Seamless Data Capture and Alerts to Support Payment 

 Quality metrics change over time. Thus, the ability to configure billing as needed to payer-specific business rules for claims payment and automatically capture associated data will give an organization the greatest flexibility. Workflows should aim to minimize the amount of time and resources needed to verify and enter diverse and ever-changing data requirements. Mental health documentation software needs to consider the entire data set needed to obtain payment. As an example, pre-built alerts can help meet regulatory requirements, such as the Physician Quality Reporting Initiative (PQRI), as they notify providers that they need to complete associated data elements to optimize billing functions associated with the value-based contract.

Download Now: The Ultimate Guide to Behavioral Health EHR Selection

Open API Technology to Support Efficient Care Coordination 

 A secure, open API enables different software applications to safely communicate with each other. This feature directly affects healthcare data exchange capabilities and general communication between providers.  

 For behavioral health providers, the ability to coordinate care with primary care physicians and others is crucial for clients’ health. As an example, mental health conditions such as eating disorders, anxiety disorders, and substance use often show comorbidity and result in multiple providers playing a role in care. The mental health care patient management system needs to reflect the full continuum of care being provided that is impacting care plans. With some payers taking interest in structuring payment around episodes of care, the ability to collaborate across the continuum of care only becomes more pressing.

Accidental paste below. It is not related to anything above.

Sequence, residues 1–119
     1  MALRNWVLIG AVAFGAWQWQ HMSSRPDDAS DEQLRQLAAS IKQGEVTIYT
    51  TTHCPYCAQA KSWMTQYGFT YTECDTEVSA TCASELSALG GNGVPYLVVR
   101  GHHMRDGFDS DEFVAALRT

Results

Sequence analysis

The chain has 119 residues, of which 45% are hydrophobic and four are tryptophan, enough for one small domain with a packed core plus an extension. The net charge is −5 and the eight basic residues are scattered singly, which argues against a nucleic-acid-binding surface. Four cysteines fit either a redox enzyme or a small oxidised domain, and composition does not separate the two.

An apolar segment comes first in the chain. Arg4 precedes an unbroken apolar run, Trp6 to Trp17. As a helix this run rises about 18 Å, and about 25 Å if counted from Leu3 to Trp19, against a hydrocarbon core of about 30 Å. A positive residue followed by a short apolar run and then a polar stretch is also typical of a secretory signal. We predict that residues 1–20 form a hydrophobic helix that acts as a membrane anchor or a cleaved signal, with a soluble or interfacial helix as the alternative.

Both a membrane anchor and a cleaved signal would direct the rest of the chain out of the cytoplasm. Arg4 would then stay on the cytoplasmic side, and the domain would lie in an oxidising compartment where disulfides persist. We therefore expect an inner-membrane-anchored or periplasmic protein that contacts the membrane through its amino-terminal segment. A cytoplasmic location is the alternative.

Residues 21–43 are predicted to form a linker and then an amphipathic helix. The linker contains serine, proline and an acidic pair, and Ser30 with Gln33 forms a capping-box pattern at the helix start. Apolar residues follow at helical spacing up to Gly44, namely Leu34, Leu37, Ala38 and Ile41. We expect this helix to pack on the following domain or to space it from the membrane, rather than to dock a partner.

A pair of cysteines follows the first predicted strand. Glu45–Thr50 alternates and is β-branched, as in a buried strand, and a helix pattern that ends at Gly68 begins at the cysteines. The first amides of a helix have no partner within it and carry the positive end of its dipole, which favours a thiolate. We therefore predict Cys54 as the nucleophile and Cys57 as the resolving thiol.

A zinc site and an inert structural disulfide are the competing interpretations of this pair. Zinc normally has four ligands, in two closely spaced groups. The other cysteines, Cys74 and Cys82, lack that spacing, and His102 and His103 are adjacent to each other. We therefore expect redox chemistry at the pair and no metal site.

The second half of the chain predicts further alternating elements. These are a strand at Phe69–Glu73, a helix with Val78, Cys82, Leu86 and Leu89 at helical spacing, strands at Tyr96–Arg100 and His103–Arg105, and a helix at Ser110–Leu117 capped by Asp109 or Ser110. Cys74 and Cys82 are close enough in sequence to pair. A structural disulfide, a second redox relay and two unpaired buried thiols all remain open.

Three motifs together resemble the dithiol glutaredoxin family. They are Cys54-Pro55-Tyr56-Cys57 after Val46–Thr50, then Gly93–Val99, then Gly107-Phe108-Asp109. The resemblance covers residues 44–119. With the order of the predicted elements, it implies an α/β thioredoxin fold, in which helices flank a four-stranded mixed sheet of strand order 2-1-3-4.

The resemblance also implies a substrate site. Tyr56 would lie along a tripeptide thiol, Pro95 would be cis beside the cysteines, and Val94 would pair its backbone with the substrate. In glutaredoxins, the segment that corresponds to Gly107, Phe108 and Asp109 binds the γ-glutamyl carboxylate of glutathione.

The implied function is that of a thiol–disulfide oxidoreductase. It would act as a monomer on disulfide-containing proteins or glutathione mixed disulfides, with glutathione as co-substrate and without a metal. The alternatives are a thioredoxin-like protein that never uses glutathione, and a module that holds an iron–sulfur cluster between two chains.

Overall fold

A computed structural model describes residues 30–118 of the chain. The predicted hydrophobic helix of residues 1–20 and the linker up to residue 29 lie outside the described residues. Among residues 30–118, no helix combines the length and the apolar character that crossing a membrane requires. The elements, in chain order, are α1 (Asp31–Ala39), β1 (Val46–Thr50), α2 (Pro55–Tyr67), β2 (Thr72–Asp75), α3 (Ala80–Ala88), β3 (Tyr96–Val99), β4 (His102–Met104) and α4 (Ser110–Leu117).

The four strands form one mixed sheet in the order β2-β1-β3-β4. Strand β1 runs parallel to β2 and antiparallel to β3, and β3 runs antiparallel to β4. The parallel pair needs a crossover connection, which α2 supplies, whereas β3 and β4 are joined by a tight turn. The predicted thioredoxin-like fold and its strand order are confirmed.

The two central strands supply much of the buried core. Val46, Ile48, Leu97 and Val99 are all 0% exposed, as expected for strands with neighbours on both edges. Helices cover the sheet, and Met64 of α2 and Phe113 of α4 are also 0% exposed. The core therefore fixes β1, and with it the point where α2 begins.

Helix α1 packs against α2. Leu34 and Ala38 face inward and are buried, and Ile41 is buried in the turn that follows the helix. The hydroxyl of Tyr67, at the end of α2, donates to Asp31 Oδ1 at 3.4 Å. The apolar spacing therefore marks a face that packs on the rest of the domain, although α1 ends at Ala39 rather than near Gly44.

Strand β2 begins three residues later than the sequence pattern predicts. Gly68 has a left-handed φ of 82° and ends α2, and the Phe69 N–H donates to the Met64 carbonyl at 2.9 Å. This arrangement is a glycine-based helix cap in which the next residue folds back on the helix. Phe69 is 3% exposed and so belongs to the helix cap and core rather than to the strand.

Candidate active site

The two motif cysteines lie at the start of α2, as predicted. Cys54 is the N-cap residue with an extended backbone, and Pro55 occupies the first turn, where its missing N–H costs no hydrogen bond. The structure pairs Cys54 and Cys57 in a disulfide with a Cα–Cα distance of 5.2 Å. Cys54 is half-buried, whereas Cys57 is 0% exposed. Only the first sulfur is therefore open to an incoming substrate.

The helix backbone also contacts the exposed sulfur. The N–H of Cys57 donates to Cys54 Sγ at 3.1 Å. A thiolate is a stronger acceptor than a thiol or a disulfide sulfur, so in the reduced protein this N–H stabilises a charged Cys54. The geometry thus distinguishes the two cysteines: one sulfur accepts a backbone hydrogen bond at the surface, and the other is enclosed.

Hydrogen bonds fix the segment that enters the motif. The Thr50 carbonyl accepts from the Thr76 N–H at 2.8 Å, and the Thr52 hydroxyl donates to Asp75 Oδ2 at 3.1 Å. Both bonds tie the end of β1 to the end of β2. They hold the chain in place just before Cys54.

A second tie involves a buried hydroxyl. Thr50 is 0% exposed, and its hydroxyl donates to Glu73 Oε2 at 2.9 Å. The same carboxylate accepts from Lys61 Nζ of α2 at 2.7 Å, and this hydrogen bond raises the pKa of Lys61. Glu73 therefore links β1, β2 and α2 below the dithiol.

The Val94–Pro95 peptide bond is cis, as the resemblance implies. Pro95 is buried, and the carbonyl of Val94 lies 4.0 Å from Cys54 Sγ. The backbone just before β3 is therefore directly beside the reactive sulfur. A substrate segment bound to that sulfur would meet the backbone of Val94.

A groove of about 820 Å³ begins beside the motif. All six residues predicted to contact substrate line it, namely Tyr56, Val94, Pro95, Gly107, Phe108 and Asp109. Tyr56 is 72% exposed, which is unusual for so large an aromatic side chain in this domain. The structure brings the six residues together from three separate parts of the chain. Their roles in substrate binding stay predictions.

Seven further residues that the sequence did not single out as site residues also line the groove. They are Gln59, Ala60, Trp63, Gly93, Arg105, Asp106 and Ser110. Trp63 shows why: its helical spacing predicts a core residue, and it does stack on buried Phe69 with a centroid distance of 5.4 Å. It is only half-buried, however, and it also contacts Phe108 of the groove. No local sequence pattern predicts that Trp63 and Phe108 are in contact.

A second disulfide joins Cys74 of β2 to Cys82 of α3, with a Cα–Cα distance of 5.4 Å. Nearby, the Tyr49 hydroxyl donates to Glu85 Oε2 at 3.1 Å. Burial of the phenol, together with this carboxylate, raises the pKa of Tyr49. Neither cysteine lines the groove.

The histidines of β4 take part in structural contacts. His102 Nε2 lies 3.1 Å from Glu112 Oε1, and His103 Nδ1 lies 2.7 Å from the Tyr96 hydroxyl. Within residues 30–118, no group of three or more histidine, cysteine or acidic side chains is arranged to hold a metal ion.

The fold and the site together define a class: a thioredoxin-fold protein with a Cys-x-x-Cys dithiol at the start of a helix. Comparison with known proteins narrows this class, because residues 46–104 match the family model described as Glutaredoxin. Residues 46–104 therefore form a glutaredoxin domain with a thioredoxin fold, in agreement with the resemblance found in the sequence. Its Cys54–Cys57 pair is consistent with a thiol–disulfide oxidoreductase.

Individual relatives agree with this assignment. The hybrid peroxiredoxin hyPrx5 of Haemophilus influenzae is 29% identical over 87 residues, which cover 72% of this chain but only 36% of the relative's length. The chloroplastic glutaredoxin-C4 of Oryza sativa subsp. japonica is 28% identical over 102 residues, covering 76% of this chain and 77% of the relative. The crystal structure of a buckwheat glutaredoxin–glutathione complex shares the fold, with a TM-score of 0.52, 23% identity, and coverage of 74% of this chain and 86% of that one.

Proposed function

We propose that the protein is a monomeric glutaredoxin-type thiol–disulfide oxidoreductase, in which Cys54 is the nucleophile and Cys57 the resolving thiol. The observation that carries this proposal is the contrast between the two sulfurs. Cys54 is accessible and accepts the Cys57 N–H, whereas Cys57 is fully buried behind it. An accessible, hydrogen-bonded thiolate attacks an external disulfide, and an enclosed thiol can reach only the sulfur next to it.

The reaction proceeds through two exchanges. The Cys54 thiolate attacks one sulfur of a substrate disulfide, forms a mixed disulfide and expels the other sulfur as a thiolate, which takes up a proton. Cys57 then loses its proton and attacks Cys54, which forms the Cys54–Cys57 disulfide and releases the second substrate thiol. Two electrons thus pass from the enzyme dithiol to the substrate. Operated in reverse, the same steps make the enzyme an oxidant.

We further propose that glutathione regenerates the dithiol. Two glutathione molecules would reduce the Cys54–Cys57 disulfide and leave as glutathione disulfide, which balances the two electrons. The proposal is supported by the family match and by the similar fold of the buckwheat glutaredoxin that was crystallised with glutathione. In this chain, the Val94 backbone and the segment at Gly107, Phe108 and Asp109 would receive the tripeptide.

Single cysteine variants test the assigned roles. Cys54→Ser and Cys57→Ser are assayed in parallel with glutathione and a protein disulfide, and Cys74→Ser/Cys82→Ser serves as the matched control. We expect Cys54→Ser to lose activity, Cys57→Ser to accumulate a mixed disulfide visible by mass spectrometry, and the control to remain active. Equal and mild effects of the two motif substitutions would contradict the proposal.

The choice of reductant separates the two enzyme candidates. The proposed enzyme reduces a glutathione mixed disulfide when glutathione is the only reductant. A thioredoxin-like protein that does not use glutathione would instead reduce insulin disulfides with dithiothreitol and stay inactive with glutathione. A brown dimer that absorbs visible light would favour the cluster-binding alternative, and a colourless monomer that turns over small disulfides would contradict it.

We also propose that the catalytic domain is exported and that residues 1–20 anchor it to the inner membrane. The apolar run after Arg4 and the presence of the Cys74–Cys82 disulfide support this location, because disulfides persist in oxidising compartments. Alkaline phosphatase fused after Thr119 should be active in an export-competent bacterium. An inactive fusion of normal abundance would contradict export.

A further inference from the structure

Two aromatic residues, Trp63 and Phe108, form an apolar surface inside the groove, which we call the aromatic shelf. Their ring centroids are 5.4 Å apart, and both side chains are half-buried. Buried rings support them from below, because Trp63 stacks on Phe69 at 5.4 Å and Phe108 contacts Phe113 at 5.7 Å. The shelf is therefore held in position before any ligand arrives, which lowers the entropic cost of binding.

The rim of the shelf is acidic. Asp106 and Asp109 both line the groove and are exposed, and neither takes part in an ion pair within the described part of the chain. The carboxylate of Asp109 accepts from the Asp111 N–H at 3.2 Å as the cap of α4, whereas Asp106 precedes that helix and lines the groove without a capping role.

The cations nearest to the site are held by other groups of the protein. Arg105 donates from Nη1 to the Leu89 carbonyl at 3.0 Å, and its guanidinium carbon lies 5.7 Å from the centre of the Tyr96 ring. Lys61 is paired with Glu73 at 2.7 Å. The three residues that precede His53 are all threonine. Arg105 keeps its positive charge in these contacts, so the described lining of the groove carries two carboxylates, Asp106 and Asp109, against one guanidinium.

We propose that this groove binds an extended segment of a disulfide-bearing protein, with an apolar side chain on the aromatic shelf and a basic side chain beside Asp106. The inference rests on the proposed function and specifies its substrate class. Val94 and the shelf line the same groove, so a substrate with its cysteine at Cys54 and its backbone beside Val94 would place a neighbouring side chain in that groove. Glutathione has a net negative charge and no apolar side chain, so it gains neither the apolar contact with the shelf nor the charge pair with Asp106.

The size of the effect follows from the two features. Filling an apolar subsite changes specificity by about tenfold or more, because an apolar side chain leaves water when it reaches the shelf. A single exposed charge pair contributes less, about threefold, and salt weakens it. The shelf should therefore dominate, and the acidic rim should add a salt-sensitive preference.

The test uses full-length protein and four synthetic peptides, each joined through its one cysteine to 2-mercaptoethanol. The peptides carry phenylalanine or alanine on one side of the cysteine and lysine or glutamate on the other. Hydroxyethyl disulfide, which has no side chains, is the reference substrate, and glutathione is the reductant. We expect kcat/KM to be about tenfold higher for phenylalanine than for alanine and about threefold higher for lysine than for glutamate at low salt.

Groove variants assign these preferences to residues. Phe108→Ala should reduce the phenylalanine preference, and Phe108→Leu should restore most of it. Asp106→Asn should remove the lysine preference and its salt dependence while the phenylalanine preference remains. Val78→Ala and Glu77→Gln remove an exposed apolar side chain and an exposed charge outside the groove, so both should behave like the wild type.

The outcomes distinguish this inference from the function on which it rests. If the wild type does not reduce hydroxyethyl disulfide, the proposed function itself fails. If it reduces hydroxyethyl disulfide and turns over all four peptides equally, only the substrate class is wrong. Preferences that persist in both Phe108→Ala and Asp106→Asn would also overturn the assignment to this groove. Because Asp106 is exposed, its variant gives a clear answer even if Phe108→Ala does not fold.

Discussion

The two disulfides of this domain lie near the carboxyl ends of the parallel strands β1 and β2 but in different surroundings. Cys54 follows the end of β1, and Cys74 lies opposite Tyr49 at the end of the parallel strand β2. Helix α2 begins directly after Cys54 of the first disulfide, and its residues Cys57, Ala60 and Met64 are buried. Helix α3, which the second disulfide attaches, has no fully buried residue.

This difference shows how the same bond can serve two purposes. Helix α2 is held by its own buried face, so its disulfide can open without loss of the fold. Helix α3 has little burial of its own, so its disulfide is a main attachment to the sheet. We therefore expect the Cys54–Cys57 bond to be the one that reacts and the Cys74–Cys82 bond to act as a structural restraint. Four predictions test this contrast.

Strong Communication Systems to Support Patient Engagement and After Care  

 For care plans to be successful, engaging patients is necessary. Outcomes can be affected by ease of appointment scheduling, the ability for patients and providers to communicate directly with each other, and the capability to directly share forms and other information, such as screenings, through a patient portal. Workflows that automatically trigger follow-up alerts for appointment scheduling can reduce the likelihood of gaps in care. 

 Another important behavioral health workflow is the risk-based routing of patients. The right mental health care patient management system should allow the user to identify and prioritize those individuals who need care the most with of-the-moment risk scoring. Factors affecting risk level should reflect the patient population served and might include things such as past suicide attempts, a chronic pain diagnosis, or recent hospitalizations.  

Performance Analytics and Meaningful Business intelligence  

 Deep data analysis is needed to identify performance trends, recognize best practices, and drive widespread improvements in care processes. The right technology will support tracking quality performance at an individual and population level. 

 Also, business intelligence needs are complex with value-based arrangements. Providers need to be able to determine and predict the true cost of care. The right EHR will also help when calculating likely performance scenarios under different contract terms and with different patient populations.  

Making the Transition Together 

To learn how Core Solutions can help your organization prepare for value-based reimbursement, view a demo by clicking here.

The Ultimate Guide to EHR Behavioral Health EHR Selection